Tag Archives: Science Fiction and Fantasy

Fantasy Fiction would be good if it wasn’t for the silly names?

Harry Potter
Harry Potter (Photo credit: Pixelsior)

I have been discussing the aversion of a friend to fantasy fiction and tv/film and it’s interesting to note that their main problem with the genre – citing in particular Lord of the Rings and Game of Thrones, were the silly names – Mordor, Frodo, Targaryen etc. Why should they care about characters who were so obviously silly and made up to have names that they could hardly pronounce? They are not adverse to a bit of costume drama – having loved the Borgias for instance. Even though Game of Thrones uses names that aren’t that far away from historical ones didn’t make it any better apparently.

I did point out that Game of Thrones was immensely popular – but I have to say it probably isn’t as popular as Harry Potter, a fantasy series that really has crossed over into the mainstream. But what more mainstream name can you have than Harry Potter, Hermione etc. It’s only the bad guys who have silly names in Potter!

So where does that leave fantasy fiction looking for a mainstream audience? Ditch the silly names for your epic fantasy fiction novel – name your main characters Freddie and Ella? That doesn’t sound right somehow either. I think to a certain extent Paul Hoffman in his Left Hand of God series tried it – by using familiar historical and geographical names – and perhaps that worked in a way – or perhaps that just confuses the reader, or appears to turn fantasy fiction into just a post-modern game?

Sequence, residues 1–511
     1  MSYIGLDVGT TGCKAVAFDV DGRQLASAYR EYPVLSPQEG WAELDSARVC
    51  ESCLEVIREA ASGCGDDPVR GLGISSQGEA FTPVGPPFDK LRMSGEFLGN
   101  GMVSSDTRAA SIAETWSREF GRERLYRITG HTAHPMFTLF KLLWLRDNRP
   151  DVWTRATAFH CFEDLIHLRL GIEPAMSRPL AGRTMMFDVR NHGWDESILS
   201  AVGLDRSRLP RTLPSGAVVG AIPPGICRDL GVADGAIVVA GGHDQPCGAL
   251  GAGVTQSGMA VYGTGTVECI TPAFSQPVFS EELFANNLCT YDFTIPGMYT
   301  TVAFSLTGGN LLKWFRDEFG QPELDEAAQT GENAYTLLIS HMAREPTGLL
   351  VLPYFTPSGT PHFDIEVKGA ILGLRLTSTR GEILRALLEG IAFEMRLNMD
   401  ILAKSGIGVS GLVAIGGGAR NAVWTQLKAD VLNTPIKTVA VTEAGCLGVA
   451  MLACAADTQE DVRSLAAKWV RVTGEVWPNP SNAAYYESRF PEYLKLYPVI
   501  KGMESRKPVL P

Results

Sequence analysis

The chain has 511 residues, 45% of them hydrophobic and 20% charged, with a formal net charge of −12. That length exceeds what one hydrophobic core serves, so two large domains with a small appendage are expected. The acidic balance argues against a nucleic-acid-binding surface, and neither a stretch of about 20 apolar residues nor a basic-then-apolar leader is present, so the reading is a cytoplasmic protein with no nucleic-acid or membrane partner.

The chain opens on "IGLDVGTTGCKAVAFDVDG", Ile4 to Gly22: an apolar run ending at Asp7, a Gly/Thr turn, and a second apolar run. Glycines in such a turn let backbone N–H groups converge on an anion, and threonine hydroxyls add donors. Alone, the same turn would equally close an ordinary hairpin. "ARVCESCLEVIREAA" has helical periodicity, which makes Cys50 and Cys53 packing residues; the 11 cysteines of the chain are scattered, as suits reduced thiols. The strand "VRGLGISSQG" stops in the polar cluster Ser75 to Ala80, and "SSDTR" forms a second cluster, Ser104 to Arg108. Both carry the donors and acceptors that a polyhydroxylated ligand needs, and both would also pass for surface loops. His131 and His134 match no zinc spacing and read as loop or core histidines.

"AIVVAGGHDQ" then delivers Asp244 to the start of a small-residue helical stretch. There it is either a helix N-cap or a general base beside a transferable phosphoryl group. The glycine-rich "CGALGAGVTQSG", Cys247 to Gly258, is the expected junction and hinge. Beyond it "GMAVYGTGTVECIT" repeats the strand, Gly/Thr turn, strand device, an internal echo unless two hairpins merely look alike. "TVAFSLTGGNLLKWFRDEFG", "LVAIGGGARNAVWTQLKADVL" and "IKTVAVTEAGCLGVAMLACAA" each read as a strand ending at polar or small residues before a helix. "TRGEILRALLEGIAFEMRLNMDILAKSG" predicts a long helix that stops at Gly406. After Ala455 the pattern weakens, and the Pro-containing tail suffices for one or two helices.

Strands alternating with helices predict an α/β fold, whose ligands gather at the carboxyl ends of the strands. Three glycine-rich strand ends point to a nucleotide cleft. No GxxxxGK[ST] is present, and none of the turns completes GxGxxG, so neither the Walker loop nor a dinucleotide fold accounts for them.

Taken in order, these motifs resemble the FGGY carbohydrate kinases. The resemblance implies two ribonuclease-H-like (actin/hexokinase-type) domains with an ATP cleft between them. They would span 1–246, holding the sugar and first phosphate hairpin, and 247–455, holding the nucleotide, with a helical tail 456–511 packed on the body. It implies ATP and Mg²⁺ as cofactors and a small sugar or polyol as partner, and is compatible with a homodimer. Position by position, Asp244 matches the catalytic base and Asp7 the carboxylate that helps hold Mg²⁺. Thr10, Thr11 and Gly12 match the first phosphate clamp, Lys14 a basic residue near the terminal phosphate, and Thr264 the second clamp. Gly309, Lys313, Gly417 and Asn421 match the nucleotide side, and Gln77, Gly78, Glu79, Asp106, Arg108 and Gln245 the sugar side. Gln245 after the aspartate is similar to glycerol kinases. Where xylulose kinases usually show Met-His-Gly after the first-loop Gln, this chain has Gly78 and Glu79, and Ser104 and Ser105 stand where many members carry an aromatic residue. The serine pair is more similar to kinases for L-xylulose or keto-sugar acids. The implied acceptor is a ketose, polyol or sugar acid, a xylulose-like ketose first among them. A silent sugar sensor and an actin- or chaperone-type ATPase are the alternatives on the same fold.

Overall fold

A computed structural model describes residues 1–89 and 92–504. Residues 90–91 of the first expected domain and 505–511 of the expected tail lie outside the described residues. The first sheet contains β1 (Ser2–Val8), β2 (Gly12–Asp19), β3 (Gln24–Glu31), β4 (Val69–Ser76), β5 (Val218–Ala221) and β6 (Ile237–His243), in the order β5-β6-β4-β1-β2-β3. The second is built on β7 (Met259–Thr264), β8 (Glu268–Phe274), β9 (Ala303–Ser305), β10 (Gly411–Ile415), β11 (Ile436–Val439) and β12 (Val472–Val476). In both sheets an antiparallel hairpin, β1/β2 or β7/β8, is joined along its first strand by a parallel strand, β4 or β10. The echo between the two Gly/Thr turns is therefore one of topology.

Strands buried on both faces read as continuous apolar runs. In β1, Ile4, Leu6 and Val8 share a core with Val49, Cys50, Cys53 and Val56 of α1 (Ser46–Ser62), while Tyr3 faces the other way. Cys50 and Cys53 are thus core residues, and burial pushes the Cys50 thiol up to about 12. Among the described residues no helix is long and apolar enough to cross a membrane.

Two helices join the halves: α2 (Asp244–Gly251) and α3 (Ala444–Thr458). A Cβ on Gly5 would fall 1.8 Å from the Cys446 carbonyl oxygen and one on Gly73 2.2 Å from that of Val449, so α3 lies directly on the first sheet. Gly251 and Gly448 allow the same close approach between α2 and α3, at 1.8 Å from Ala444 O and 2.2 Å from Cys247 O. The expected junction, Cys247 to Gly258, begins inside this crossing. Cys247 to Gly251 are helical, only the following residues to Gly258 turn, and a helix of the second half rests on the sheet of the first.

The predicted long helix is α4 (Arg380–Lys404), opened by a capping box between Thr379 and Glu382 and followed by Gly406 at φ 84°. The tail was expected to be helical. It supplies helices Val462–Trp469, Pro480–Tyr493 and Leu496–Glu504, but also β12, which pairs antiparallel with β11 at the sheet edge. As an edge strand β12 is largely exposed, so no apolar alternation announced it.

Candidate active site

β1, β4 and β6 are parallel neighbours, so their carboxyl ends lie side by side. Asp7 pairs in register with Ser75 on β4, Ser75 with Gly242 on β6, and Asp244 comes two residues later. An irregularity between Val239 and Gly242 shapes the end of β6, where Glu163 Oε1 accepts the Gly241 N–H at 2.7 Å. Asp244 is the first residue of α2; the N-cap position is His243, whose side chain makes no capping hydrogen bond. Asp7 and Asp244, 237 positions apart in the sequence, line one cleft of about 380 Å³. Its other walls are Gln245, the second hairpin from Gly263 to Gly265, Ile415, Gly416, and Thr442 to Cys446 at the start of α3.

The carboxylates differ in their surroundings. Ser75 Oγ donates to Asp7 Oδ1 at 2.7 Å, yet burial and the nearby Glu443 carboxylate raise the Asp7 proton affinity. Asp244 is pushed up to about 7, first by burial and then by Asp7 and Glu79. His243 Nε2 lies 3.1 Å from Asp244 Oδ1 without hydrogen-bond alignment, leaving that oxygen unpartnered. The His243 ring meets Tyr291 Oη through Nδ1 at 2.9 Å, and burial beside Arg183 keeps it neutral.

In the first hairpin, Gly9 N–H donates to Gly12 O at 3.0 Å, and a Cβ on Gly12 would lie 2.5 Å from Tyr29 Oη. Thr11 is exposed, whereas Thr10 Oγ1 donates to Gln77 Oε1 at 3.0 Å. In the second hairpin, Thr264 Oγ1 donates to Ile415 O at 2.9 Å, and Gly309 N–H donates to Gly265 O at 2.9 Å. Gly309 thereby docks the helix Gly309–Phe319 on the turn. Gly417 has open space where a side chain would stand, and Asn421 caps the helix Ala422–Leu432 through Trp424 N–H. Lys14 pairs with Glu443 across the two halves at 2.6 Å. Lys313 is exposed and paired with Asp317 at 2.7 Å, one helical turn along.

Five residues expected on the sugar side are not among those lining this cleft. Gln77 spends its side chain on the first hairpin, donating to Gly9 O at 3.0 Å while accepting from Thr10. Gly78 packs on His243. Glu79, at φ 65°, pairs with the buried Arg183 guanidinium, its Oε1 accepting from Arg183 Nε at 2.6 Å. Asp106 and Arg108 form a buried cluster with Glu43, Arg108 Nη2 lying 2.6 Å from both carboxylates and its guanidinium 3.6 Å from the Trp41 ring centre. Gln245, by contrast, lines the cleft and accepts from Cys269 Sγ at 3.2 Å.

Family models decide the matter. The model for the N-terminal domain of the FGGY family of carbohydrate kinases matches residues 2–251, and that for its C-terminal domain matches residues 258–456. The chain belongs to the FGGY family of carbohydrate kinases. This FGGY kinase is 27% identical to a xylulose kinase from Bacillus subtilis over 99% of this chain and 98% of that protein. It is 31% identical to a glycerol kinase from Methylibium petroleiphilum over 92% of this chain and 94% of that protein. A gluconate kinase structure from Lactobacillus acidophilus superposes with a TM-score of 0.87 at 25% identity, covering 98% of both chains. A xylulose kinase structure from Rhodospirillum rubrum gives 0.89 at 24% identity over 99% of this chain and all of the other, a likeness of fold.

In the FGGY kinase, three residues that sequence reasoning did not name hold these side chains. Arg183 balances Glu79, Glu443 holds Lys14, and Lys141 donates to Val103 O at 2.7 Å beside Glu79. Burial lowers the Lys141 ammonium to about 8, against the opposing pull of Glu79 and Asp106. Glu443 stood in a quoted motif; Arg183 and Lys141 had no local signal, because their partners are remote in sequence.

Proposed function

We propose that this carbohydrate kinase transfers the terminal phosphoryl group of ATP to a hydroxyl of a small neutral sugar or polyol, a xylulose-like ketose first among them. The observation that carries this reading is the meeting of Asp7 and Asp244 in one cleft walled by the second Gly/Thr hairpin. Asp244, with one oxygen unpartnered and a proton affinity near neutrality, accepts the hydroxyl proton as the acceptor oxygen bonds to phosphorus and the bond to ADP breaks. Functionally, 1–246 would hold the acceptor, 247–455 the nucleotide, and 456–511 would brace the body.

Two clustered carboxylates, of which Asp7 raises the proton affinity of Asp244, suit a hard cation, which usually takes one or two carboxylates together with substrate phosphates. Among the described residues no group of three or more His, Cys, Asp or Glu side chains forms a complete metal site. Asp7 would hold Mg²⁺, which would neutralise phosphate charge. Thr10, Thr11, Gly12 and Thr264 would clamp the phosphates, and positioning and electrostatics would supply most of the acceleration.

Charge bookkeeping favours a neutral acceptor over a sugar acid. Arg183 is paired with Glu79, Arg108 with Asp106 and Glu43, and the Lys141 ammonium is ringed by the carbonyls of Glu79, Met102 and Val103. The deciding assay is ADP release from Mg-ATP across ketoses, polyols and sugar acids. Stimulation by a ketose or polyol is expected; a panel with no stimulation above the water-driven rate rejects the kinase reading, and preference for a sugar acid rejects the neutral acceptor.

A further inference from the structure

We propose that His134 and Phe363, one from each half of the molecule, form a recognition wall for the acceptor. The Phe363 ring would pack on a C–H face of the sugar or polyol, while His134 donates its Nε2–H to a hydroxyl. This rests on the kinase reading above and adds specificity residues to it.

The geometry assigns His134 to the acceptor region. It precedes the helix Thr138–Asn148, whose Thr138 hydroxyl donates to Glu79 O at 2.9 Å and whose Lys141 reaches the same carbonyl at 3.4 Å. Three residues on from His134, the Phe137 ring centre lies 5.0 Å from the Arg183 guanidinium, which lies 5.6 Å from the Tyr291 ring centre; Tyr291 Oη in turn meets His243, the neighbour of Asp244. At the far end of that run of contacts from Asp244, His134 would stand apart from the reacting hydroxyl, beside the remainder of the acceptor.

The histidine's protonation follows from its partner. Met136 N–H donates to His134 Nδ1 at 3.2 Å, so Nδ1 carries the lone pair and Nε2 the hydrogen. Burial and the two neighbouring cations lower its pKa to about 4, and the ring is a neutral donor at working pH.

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So You Want to Draw a Dragon?

Well now you can. I came across this amazing site the other day, Dragoart.com that shows you how to simply draw with step-by-step instructions a whole variety of different things, from cartoon characters to celebrities to fantastical creatures, such as a dragon!

If you have kids I heartily recommend this site, and also if you have a hankering to start drawing, but feel that you don’t have any skill or are put off by leaning drawing the proper way. The simple instructions on this site really get you drawing quite complex pictures quite fast.

Here’s an example of the sort of thing you could learn to draw:

And the first step to getting there:

The complete instructions for drawing this dragon.

Other fantasy creatures you can learn to draw include dwarves, elves, orcs, wizards and trolls.

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Top Fantasy Authors of the Decade based on UK Sales

The Bookseller released some statistics today on the top 100 selling authors in the UK market from 2000 to 2009. I have extracted the fantasy authors from their data to put together the following list:

1          Rowling, J K                    27,556,478 units, revenue of  £215,876,812.77

6          Pratchett, Terry            8,670,317 units, revenue of  £63,979,648.47

21        Pullman, Philip              5,337,773  units, revenue of  £34,670,831.34

23        Tolkien, J R R                4,960,414  units, revenue of  £47,169,467.51

25        Meyer, Stephenie         4,646,667  units, revenue of  £26,971,717.71

66        Koontz, Dean                  2,500,606  units, revenue of  £14,742,572.68

It’s interesting that fantasy isn’t as dominant a genre as one might be lead to believe with only 6 in the top 100 – and that’s only if we consider Meyer and Koontz as fantasy. SF isn’t placed at all, which is a shame.

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